Unfortunately, obstructive sleep apnea is a rather common occurrence in our changing society. It is also a complex issue, one with many approaches to treatment. Basically, the patient who snores heavily may also have so much obstruction deep in the pharyngeal tissues that the airway is frequently blocked when deeply asleep. It is more frequently seen with obese patients. Obesity, in itself, has become a major problem in our country–and others! Not all people who suffer sleep apnea are obese, however, and this is why it is often difficult to diagnose and treat. It has many factors. When the soft tissues – muscles and overlying tissues– cannot be maintained when asleep, there is obstruction. Air cannot get to the lungs effectively. When the oxygen levels fall precariously low, or when the person just cannot take in a breath of air, the person will usually wake up and take a huge breath. This can go on all night long with many, many episodes throughout the night. The patient with sleep apnea may never be aware that all of this is happening. He or she is awakened– falls immediately back to sleep- and is again awakened because of major obstruction. A spouse may be acutely aware of it. Or, often, the spouse chooses to sleep elsewhere– so he or she can get a good night’s sleep. Sleep apnea can persist for years without proper diagnosis and intervention.
There are major issues of health arising from sleep apnea. First, the patient never gets a good night’s sleep. He or she can fall asleep at the drop of a hat. These people often fall asleep during the day, in class, at work OR at the wheel of a car. The person who suffers from sleep apnea is a hazard to himself and others because of this tendency to fall asleep all of the time. In fact, some professions will not allow recognized sleep apnea patients to work– such as pilots! Treatment is not easy. Management of the problem requires a correct diagnosis. Obstruction might occur in the UPPER airway- and a septo-rhinoplasty might be required for normal breathing. Or– it might require the advancement of a very small lower jaw to keep the tongue from falling back and obstructing the airway.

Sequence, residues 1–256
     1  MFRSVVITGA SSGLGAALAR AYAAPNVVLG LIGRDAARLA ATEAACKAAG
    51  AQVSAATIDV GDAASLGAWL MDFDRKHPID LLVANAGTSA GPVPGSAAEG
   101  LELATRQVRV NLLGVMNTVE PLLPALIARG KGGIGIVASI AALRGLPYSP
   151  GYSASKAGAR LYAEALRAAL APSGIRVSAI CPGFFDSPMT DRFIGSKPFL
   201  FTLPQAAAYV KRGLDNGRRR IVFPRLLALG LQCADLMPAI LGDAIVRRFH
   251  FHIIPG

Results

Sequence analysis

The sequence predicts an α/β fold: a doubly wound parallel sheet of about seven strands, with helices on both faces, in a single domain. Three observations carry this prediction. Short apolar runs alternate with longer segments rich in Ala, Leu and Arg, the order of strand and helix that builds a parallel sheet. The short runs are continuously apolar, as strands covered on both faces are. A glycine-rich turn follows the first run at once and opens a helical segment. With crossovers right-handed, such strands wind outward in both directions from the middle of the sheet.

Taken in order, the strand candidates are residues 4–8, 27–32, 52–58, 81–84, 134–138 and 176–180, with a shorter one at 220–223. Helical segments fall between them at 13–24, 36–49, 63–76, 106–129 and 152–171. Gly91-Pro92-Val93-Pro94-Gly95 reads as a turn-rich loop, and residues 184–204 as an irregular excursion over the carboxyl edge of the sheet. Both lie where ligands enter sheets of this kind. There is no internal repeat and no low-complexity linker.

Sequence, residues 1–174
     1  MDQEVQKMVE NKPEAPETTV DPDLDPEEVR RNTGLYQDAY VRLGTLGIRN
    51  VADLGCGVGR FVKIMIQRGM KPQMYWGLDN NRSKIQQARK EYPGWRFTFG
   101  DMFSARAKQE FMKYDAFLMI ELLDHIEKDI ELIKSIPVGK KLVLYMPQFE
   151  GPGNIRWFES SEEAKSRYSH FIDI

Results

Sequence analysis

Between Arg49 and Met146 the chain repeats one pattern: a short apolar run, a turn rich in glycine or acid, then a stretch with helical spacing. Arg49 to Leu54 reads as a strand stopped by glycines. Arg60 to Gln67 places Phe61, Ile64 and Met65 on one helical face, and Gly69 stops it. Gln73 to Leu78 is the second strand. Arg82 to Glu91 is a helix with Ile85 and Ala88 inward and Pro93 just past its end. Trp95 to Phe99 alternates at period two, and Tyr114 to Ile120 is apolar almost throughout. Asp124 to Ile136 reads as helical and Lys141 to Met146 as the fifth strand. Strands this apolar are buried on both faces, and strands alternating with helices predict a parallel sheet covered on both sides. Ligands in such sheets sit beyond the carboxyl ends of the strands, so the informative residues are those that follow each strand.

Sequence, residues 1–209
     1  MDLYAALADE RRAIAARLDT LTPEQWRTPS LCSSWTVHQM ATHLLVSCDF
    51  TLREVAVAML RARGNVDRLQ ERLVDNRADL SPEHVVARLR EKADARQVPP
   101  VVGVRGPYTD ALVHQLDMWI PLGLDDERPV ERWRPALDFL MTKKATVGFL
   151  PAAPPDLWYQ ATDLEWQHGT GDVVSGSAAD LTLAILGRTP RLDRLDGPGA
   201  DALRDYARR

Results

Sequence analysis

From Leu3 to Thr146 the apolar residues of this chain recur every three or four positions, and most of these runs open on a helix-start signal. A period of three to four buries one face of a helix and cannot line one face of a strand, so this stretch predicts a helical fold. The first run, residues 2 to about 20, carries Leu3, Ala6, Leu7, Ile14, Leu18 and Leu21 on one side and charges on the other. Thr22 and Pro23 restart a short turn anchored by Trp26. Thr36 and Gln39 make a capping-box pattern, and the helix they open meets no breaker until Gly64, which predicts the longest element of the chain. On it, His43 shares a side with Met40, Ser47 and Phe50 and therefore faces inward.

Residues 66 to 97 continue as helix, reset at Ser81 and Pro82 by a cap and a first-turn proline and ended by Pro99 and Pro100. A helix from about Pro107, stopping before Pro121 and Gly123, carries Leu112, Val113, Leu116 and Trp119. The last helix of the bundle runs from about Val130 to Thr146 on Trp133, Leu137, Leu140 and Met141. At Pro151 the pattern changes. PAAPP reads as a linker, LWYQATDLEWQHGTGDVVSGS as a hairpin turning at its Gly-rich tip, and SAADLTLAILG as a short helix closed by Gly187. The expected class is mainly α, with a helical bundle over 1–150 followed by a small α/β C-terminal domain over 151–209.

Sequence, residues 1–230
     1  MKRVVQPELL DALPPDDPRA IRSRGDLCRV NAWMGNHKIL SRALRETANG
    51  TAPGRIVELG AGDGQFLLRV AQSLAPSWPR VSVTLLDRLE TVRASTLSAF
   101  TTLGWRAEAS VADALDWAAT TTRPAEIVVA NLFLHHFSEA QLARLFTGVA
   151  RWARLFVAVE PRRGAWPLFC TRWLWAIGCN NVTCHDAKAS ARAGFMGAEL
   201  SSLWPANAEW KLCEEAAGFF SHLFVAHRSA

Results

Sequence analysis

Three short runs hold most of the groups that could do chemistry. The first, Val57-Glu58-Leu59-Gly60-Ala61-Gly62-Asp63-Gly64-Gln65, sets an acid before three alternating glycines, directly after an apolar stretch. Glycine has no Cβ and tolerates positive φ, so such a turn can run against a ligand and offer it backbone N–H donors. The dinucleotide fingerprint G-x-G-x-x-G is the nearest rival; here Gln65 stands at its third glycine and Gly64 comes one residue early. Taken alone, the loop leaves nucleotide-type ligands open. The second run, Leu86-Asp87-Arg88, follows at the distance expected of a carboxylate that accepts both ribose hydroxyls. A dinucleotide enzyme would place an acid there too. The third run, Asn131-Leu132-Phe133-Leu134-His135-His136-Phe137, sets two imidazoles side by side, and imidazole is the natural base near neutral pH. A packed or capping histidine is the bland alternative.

For most patients, it is best to start with your medical doctor and seek advice. Your physician may not know exactly what may need to be done, but most of the time it will start with a good sleep study. The most common way to approach airway obstruction problems is with the use of machines to force air in the lungs with inspiration. C-PAP machines are often prescribed by sleep medicine physicians and internal medicine physicians They are difficult to wear, but are effective. Some general dentists provide special night guard appliances that “may” help the situation by pulling the jaw forward and getting the tongue off of the back of the throat. Many different types of doctors offer all kinds of remedies–so caution is the word when selecting treatment! There is definitely a place for surgical management of sleep apnea problems. However, in the last few years there has also been controversy about the long term effectiveness of some surgical procedures. Orthognathic procedures to advance both the upper and lower jaws have been done for many years. There have been procedures done on the uvula. All kinds of surgery has been done. But, the outcomes have been mixed.
Probably the best approach is to—lose the weight that seems to precipitate sleep apnea. Success in weight loss has been—dismal. Very obese patients or morbidly obese patients just cannot take off that weight and keep it off.
The patient with sleep apnea puts tremendous pressures on the cardiac system. Hypertension is common. Untreated, severe sleep apnea can lead to an early death.
Dr. Buche does not do surgical procedures to manage sleep apnea. BUT there is a definite place for some surgical procedures in the management of sleep apnea. Again, it might be best to work through your primary care physician first, and then referrals can be made. Dr. Buche may be able to help sort some of these questions out for you and help you with a referral to the right doctor, including your primary care physician.
Sleep apnea is a major problem and is not simple to manage. But– your well-being may depend on your pursuit of proper care. Getting the right information and referral is essential.